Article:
Is Stephen Thompson doomed to become another “best fighter to never win gold in the UFC?” After UFC 244 on Saturday night, perhaps not.
Stephen Thompson entered UFC 244 on a career low two-fight losing streak. In a journey spanning almost a decade, Thompson had never suffered consecutive losses. He had lost a lot of name value, and was looking at the brink of irrelevance when he locked horns against “The Silent Assassin”, Vicente Luque. The fight was a fun back and forth, and also earned Thompson his second fight of the night bonus and his overall seventh post-fight bonus.
Back in 2016 when Thompson defeated former two-time title challenger Rory MacDonald, he was hailed as the next king of the division. His resume was super-strong with names like Robert Whittaker and Johnny Hendricks, and he came across as funny and positive. Thus making him a very powerful figure to invest in. He was a man with both fighting and commercial potential. In simpler words, he was the perfect candidate to have a reign over the welterweight division.
The first smudge on the would-be perfect picture of Thompson came at UFC 201. Robbie Lawler was having one of the greatest title reigns in recent times; two bloody and fiery matches had established him as one of the world’s best pound-for-pound fighters. Defeating him would be a huge achievement for any athlete. So by defeating Lawler, Thompson could have a perfect start to his glorious run. However, he never got that opportunity. At UFC 201, Lawler was defeated by someone whom many never really considered as a potential threat to the throne, Tyron Woodley. Woodley entered the fight off a break of over a year and was not really expected to win. Though he entered the fight on a two-fight winning streak his record wasn’t nearly impressive enough to make anyone consider him a threat to Lawler.
On the d-day, things turned out in favour of Woodley. He knocked out “Ruthless” in the very first round thus robbing Wonderboy of the opportunity to end the historic run. Instead, Thompson was booked to face Woodley at UFC 205. The two locked horns in one of the best fights of the year, with several moments where each fighter reached a high. The pair traded strong blows and Wonderboy even survived a deep guillotine-choke submission. In simpler words, the fight was the theatrical beginning one would expect Wonderboy’ title reign. However, the fight was just too close for the judges, who ruled it a draw.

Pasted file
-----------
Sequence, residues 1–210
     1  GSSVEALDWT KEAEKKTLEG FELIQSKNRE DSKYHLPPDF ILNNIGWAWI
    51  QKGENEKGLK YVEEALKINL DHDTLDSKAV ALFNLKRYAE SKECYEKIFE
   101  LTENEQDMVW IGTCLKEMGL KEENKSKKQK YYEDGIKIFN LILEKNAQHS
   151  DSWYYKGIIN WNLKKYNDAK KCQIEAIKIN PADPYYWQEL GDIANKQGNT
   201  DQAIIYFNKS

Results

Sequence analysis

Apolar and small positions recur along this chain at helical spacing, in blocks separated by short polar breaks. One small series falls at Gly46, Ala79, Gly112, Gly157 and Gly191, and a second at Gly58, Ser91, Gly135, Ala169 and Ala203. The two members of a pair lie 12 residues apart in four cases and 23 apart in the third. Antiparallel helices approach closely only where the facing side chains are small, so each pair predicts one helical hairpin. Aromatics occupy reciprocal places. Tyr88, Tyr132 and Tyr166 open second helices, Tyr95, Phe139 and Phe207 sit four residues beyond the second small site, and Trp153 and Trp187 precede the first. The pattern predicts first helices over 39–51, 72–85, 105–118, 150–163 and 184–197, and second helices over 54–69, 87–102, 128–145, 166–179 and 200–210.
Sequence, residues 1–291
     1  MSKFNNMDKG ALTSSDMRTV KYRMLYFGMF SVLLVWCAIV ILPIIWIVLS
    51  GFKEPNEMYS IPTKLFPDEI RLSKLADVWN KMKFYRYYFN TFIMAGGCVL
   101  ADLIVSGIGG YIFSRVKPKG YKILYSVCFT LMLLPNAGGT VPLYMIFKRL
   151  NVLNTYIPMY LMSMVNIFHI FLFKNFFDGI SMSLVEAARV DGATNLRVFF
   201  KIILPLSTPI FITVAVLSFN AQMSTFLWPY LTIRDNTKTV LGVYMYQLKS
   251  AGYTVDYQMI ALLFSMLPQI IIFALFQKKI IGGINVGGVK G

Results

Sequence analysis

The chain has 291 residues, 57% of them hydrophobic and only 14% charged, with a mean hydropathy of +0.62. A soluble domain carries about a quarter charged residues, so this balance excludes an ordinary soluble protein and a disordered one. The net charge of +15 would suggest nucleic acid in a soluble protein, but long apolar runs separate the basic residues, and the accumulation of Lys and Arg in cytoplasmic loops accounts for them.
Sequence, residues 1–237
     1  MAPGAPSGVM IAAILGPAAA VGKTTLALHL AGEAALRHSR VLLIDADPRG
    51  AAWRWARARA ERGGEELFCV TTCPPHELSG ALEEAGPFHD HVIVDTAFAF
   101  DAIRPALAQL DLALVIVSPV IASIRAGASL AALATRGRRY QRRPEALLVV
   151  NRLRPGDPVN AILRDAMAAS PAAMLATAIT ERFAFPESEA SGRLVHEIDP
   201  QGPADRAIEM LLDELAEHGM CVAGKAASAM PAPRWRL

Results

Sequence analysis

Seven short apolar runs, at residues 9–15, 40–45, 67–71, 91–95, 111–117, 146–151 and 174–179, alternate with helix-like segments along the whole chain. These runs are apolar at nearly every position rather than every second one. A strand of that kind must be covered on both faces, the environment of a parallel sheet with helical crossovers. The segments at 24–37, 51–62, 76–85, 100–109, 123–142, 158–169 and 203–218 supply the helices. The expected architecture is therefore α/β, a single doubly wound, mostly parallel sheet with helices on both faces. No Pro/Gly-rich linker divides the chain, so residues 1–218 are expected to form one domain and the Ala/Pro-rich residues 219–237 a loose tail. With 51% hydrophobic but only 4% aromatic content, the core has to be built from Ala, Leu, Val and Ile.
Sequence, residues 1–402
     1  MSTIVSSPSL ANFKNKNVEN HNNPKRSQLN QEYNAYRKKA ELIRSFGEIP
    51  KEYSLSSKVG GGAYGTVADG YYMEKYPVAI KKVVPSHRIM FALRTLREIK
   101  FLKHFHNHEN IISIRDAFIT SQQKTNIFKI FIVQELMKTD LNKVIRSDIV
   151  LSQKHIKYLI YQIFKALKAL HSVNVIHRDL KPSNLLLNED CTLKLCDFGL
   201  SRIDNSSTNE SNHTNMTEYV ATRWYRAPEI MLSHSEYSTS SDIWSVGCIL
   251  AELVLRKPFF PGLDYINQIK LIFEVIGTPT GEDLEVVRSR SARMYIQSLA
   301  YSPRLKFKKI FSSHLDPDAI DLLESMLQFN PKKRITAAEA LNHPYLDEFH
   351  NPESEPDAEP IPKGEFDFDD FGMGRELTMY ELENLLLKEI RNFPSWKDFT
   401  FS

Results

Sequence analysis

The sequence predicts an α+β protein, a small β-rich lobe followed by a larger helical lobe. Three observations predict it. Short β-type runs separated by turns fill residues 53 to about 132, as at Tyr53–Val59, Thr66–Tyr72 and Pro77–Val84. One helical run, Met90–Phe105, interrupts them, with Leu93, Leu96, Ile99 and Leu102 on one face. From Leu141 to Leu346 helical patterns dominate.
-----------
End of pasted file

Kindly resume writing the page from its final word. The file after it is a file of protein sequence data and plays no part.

Fans clashed on social media debating who won, the rematch was set for UFC 209 and unlike their first fight, Woodley vs. Thompson 2 turned out to be, well, frankly boring. The fight saw absolutely no exciting exchanges and was simply way too slow for anyone to pay much attention to. The result saw Wonderboy lose a decision, and thus began his downslide.
Woodley meanwhile delivered another win, this time against Demian Maia, and sealed his position as a long term champion, further distancing Wonderboy from a title shot. Thompson went on to win a fight against Jorge Masvidal before losing to Darren Till; at this point almost everyone was sure that Wonderboy was no more a contender, but a gatekeeper instead. He had lost twice to the current champion and also lost to potential title challenger, in both the cases his fights weren’t even remotely active or competitive. He was in the pits.
March 2019, things took a positive turn for Thompson when Woodley lost the title to Kamaru Usman at UFC 235. So when he faced Anthony Pettis later that month, Thompson could have built an opportunity to make a case for another crack at the title. The fight saw Wonderboy losing, however, and this time by knockout, sending him further down the line.
Things looked bleak. With a win at UFC 244, Thompson has managed to fight off irrelevance but the memory of the past losses, especially the Pettis knockout, is still very fresh in most minds.
Where does he go? Thompson has the most interesting trajectory of great fighters who never became champion. For most of them the problem was seeing a fighter way too dominant ruling the division. That doesn’t mean reaching the title is impossible, mind you. Miesha Tate and Daniel Cormier are two popular fighters who did manage to touch the gold, despite dominant champions reigning before them. Still, others like Joseph Benavidez and Claudia Gadelha have never got that chance. Thompson proved it at UFC 244 that he still has a lot to offer. He is still that sharp striker, who can deliver powerful performances. And given Woodley isn’t champion anymore, Thompson remains a contender.
Now that Stephen Thompson’s latest performance has been noticed by both fans and the UFC, where does he go from here? Will he fight for the title? If yes, whom does he need to face, and how many fights will it take to get him back to a shot for the belt? That remains to be seen. But there is hope yet for Thompson and his dream of UFC gold